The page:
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Arts and Culture

  • Karol Jan Borowiecki
  • Diana Seave Greenwald
Living reference work entry

Abstract

The economic history of arts and culture includes both “high culture” – like the fine arts, theater, and classical music – and popular culture, such as pop music, movies, and newspapers. This chapter focuses primarily on the high arts but also provides a cursory description of the literature addressing more popular cultural production. The four sections of this chapter correspond to four key areas of inquiry in the economic history of arts and culture: what are relevant data about the arts and how to capture them, how market forces encourage the consumption and supply of culture, how artistic production is linked to geography and clustering, and what drives creative output. This chapter surveys scholars’ engagements with these questions across a wide range of art forms and time periods. It concludes with a discussion of why the study of the economic history of arts and culture represents unique opportunities for interdisciplinary collaboration and is particularly relevant to present-day service economies.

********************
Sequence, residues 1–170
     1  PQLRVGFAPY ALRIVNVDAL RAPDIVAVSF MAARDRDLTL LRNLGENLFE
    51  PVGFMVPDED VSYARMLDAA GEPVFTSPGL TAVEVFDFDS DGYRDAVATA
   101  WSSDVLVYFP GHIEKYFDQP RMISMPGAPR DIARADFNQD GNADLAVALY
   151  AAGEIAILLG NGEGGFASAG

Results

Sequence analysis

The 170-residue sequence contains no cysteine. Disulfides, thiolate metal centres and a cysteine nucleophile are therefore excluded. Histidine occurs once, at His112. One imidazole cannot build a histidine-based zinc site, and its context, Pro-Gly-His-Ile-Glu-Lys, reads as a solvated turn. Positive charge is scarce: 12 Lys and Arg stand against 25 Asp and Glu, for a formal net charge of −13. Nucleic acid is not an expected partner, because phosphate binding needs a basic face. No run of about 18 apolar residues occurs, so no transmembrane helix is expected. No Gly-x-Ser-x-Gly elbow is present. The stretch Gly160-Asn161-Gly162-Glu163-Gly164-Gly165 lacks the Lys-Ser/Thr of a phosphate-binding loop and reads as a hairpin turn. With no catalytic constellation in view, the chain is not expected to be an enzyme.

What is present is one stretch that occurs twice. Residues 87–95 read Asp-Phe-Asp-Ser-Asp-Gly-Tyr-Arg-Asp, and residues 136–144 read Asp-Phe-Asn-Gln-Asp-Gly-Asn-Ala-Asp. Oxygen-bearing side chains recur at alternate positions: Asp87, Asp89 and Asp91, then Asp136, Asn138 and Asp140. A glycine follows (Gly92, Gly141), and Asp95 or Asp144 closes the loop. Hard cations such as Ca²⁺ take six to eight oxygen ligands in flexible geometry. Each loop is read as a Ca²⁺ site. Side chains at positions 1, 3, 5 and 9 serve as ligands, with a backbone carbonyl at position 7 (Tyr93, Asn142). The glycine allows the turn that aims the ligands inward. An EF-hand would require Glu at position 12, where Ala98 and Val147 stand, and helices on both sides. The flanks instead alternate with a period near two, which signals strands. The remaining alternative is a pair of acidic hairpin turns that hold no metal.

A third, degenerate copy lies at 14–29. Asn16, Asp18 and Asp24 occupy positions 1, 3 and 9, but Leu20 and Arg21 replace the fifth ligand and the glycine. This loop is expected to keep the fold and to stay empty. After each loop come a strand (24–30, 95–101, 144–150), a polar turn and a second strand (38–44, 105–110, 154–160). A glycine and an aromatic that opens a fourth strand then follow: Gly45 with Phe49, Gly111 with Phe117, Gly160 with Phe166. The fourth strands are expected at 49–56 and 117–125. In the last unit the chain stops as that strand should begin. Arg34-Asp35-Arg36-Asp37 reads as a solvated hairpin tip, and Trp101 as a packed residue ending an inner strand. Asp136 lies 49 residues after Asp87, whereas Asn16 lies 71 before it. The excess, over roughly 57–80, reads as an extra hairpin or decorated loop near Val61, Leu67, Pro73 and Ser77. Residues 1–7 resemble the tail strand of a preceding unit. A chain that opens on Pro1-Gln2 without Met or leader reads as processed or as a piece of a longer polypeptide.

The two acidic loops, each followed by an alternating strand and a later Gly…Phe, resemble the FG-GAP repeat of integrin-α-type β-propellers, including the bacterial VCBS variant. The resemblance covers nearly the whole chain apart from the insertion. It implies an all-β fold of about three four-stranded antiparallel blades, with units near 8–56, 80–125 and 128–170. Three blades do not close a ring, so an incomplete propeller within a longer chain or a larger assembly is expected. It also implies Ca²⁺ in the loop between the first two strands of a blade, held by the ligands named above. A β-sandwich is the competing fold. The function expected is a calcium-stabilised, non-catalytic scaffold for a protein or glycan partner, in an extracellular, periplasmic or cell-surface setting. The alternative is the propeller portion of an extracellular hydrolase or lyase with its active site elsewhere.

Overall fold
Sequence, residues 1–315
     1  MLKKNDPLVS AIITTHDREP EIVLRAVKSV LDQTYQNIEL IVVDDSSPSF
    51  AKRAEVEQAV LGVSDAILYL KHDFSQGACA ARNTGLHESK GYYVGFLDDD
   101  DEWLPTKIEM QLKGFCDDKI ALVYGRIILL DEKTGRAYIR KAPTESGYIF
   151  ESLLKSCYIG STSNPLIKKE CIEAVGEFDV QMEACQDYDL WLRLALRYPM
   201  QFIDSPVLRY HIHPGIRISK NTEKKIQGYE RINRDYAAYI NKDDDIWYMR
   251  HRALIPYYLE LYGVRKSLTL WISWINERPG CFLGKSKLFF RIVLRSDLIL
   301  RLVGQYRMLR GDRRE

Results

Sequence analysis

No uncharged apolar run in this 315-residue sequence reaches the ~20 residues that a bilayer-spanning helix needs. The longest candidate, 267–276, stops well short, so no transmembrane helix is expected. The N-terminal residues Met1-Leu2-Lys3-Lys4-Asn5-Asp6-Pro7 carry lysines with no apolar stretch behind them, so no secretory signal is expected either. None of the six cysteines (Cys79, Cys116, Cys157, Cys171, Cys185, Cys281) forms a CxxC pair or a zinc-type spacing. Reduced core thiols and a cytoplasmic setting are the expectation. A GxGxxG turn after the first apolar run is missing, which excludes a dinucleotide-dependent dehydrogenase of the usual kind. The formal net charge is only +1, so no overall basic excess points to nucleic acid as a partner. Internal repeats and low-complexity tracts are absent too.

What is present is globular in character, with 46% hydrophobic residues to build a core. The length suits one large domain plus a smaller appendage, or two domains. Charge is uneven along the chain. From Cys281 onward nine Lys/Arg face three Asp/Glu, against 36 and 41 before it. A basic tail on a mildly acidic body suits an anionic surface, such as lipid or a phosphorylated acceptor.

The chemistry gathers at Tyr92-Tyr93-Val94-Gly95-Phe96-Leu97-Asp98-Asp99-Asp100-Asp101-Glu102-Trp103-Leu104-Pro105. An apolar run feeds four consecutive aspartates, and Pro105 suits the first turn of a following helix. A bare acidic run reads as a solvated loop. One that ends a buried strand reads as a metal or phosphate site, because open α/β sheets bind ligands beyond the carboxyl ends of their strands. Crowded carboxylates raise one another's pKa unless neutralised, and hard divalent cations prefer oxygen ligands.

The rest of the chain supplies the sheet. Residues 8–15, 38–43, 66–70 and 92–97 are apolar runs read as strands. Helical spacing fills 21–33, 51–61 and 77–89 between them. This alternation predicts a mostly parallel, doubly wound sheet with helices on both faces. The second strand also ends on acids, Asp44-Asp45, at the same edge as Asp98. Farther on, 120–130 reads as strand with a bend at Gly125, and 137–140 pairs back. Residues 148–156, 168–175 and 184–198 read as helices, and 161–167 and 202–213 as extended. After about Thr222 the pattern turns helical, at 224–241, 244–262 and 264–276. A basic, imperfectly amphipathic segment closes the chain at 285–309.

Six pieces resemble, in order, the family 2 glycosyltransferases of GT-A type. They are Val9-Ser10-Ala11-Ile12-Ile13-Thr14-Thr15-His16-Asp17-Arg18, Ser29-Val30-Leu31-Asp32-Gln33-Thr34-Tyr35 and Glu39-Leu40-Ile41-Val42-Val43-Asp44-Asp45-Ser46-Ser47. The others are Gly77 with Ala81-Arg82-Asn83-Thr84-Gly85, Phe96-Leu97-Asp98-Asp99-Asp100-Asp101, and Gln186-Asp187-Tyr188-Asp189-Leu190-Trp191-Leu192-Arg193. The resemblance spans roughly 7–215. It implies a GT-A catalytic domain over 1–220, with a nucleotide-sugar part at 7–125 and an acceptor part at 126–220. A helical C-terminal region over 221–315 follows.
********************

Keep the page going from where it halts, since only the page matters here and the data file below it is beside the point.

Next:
Keywords

Art Creativity Innovation Art markets Culture 

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Copyright information

© Springer-Verlag GmbH Germany, part of Springer Nature 2018

Authors and Affiliations

  1. 1.Department of Business and EconomicsUniversity of Southern DenmarkOdenseDenmark
  2. 2.National Gallery of ArtWashingtonUSA

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